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Are a Tighter Vagina and Pelvic Floor the Secret to Better Sex?

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I've always felt pretty much fine about my vagina. I've been on the Pill since college, so my periods are super light and cramps are usually non-existent. I've never had a problem with painful sex (but if you do, check out these eight possibly culprits and this cream that may help); in fact, it usually feels pretty good. And I'm good at it! At least, my boyfriend, who I've been with for the better part of a decade, hasn't ever had any complaints.

Still, I'm a woman, and I'm not totally immune to the sexist messages we're often bombarded with—namely, that my vagina should smell like roses and that it should be tight enough to open a beer bottle with, if I should so choose. There's nothing worse than a big ol' floppy vagina, especially one that actually smells like (gasp) a vagina, amiright?

I know enough about sexual health to know that douching is never, ever safe, so I'm pretty much over the whole "your vagina smells weird" thing. And while I'm not totally on board with the idea that I should worry as much about the tightness of my vag as I do about the tightness of my abs, I've heard that toning up your pelvic floor muscles can make sex feel better, for me and for my partner. That sounds enticing!

The Devices

I decided to road-test two sexual health devices that promise, in part, a sexier, tighter vagina. First up was Elvie ($200; elvie.com), which is being marketed as "your most personal trainer." Unless you're living under a rock, you've probably heard of Kegels, the squeeze-release exercise that targets your pelvic floor. These are the OG of vaginal-tightening exercises (they're also clutch at treating incontinence and helping women rebound from childbirth). The problem is, they're notoriously boring and surprisingly hard to do correctly—and if you do them wrong, they're basically a huge waste of time. (Gwyneth Paltrow, on the other hand, swears that peeing in the shower can help you tone your vagina.)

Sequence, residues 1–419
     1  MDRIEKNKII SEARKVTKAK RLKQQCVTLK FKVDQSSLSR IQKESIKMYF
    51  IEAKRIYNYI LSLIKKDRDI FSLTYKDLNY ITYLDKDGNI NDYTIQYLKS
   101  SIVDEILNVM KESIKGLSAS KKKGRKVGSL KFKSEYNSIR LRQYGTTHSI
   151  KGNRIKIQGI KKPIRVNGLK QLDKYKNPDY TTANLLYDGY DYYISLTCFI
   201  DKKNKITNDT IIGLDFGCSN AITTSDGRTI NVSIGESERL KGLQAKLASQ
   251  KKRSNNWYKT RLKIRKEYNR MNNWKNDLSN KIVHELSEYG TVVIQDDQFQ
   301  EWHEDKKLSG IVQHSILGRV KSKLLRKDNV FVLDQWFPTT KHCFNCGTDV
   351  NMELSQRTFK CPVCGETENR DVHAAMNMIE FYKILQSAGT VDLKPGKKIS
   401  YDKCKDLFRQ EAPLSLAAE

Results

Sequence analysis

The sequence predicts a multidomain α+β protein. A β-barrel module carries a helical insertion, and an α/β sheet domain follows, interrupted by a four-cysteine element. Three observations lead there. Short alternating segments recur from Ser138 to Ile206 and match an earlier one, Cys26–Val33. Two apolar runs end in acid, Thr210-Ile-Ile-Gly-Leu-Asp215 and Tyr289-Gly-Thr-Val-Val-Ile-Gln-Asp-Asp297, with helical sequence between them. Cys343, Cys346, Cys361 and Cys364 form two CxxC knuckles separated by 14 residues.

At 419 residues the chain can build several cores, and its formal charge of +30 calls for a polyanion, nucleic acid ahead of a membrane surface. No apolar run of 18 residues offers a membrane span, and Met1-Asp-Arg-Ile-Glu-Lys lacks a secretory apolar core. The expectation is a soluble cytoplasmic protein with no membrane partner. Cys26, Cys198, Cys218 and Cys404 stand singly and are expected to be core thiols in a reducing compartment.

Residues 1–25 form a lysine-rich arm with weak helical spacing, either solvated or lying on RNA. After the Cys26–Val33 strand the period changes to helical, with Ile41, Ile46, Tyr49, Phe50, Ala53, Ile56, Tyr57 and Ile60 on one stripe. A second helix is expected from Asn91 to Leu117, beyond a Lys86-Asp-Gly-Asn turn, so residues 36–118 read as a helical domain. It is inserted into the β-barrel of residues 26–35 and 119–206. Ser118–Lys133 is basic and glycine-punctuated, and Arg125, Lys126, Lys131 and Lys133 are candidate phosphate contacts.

Enter Elvie. It's a pastel, mint-colored device that looks kind of like a huge sperm with a curved tail. You pop it in "down there," then cue up the Bluetooth-connected app on your phone, which guides you through a series of Kegels. What makes Elvie different from plain ol' Kegels is that it has pressure sensors built into the sperm—er, device—that tell you if you're clenching the wrong muscles.

The second one was the VSculpt ($345; vsculpt.com). This was the weirder of the two. Being marketed as a vaginal rejuvenation therapy device, the vSculpt is shaped like a vibrator. It also vibrates like one—but the end that goes inside you is equipped with infrared lights. You choose from beginner, intermediate, and advanced treatment modes, then ease it inside your vagina and wait. It vibrates and shines light inside you, and also heats up slightly. According to the website, the red light therapy "energizes cells," which encourages them to produce collagen and elastin. The heat boosts blood flow, and the vibration also helps increase pelvic floor muscle tone.

The Results

I tried Elvie for a couple of weeks, and by the end of the second session I felt reasonably comfortable it. What I liked: The app provided different types of exercises, both the traditional squeeze and holds, but also moves like pulses, which kept things interesting. Plus, the app added an element of fun. Onscreen, a gem moves up and down as you squeeze and relax; when you're contracting, you try to keep the gem above a line or hit certain dots. Maybe I'm easily entertained, but it kept me engaged. And it was quick—just a few minutes a session.

I was also surprised by the fact that my pelvic floor muscles really did get tired. Before each session, the app asks you to squeeze and hold your muscles to gauge your strength target for the day. After a few straight days of using the app, my muscle strength (which had been steadily improving) took a serious dip. That's when I realized that, just like with my in-the-gym workouts, I'd need to take some recovery days when using Elvie.